Long hours and poor working conditions could lead Eastern Cape teachers to embark on protests, the South African Democratic Teachers’ Union (Sadtu) in the province said on Thursday.
“The issue is around temporary teachers who were retrenched by the department [of education], leaving [permanent] teachers overworked,” said spokesperson Nolitha Mboniswa.
Eastern Cape education department spokesperson Loyiso Pulumani said teachers were being redeployed from schools with a surplus of teachers to those where they were needed most in an annual redistribution based on subjects offered and pupil intake.
Mboniswa said some teachers — who normally worked about 26 and a half hours a week — were now forced to work more than 35 hours a week. The strain of the added workload combined with the work left by the retrenched temporary staff and preparations for the year ahead meant teachers were overburdened.
Pulumani said the redistribution of teachers was aimed at ensuring the work load was more evenly distributed.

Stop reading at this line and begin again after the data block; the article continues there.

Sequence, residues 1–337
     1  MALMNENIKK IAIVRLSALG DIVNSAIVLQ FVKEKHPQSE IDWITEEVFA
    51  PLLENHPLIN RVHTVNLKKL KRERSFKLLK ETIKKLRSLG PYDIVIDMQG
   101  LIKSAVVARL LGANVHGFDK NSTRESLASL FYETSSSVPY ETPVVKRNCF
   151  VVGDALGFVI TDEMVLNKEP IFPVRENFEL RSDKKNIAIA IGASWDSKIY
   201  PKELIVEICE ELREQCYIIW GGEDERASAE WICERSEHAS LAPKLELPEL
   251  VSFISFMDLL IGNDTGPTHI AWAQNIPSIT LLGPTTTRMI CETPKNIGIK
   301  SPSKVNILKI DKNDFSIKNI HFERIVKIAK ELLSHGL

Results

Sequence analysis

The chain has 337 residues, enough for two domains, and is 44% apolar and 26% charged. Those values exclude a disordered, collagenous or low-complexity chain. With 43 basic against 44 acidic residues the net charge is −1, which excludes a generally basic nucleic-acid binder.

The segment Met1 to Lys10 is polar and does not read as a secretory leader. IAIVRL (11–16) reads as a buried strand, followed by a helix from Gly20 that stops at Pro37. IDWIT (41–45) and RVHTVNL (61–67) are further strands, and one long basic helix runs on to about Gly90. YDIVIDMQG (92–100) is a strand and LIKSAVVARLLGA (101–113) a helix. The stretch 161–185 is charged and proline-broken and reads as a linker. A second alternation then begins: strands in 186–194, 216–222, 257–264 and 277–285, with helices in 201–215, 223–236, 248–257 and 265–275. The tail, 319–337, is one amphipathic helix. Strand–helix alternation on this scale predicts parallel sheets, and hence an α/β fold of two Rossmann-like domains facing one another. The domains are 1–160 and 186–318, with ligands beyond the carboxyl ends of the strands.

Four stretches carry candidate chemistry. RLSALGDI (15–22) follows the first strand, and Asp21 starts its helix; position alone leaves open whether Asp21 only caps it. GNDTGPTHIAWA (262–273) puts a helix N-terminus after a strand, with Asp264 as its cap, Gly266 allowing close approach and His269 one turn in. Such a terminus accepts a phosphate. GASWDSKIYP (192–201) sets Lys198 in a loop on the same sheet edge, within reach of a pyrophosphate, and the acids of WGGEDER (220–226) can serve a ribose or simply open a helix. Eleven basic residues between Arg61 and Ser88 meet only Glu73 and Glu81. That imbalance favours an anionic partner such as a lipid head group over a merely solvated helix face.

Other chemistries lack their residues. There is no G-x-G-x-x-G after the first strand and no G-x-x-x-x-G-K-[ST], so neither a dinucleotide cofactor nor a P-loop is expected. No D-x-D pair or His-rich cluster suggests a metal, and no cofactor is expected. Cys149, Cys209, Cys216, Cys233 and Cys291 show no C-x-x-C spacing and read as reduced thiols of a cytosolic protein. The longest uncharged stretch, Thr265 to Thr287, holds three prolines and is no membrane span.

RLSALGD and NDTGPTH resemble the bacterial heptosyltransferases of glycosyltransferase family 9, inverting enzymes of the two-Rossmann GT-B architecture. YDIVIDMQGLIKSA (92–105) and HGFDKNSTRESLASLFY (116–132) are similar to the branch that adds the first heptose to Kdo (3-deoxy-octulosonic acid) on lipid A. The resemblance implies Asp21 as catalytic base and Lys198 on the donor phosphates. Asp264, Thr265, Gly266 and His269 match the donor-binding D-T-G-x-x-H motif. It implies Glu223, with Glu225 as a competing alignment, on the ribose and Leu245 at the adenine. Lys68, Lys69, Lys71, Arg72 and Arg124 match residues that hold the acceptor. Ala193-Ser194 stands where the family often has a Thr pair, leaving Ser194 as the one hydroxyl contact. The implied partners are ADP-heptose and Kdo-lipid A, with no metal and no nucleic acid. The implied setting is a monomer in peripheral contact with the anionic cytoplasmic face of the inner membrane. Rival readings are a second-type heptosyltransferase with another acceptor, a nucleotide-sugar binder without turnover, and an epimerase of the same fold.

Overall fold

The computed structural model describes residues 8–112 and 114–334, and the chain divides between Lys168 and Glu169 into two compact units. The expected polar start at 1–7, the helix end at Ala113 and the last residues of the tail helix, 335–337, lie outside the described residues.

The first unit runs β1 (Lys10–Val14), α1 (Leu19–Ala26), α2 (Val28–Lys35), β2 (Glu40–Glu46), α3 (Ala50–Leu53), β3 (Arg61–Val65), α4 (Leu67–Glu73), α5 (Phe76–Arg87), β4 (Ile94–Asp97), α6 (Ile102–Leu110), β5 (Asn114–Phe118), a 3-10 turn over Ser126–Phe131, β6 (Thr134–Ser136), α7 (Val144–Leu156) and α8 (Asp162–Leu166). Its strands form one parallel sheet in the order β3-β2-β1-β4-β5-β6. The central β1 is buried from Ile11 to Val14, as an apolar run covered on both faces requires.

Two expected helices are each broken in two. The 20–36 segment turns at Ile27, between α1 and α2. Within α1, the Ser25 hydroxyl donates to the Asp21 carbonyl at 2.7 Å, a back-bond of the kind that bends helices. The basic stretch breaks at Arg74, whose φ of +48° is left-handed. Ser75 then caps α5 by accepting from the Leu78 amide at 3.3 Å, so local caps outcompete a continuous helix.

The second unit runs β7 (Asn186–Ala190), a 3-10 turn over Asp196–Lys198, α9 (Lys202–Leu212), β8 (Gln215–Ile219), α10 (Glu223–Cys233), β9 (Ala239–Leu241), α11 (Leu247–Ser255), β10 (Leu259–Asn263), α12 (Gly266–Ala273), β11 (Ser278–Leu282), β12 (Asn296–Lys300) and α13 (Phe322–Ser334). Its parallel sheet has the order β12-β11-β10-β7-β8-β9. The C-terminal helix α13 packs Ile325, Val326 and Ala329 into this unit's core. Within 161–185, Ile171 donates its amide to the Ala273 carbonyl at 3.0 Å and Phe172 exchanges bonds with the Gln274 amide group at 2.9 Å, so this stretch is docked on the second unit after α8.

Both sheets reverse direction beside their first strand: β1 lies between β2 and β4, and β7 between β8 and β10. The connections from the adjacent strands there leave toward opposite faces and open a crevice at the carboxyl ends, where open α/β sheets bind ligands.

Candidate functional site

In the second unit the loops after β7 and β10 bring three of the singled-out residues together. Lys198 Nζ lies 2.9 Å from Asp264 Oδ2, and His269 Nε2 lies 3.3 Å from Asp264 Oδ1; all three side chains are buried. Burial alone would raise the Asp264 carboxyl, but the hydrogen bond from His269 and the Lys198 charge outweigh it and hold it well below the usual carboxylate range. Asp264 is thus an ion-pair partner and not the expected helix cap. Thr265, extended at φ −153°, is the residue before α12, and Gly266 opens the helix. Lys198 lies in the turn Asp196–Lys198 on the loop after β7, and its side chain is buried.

Where teachers needed to be moved, the district offices would make every effort to keep them near their homes and families.
“Temporary teachers who have a degree but no teaching qualifications cannot be employed as full-time teachers,” Pulumani said.
“Often they refused to move from surplus schools — we call this ‘double parking’– and this has been a bone of contention.”
He said Sadtu and the department had bumped heads over this issue for the past 10 years, but they would keep working to resolve their differences.
Mboniswa said the union was not protesting for larger salaries, but for working conditions which would enable them to provide the best education possible for Eastern Cape pupils and improve pass rates.
“We are consulting with our members about what action should be taken … We will do anything in our power to ensure we get our plight recognised,” Mboniswa said.
African National Congress secretary general Gwede Mantashe was expected to meet the union later on Thursday. — Sapa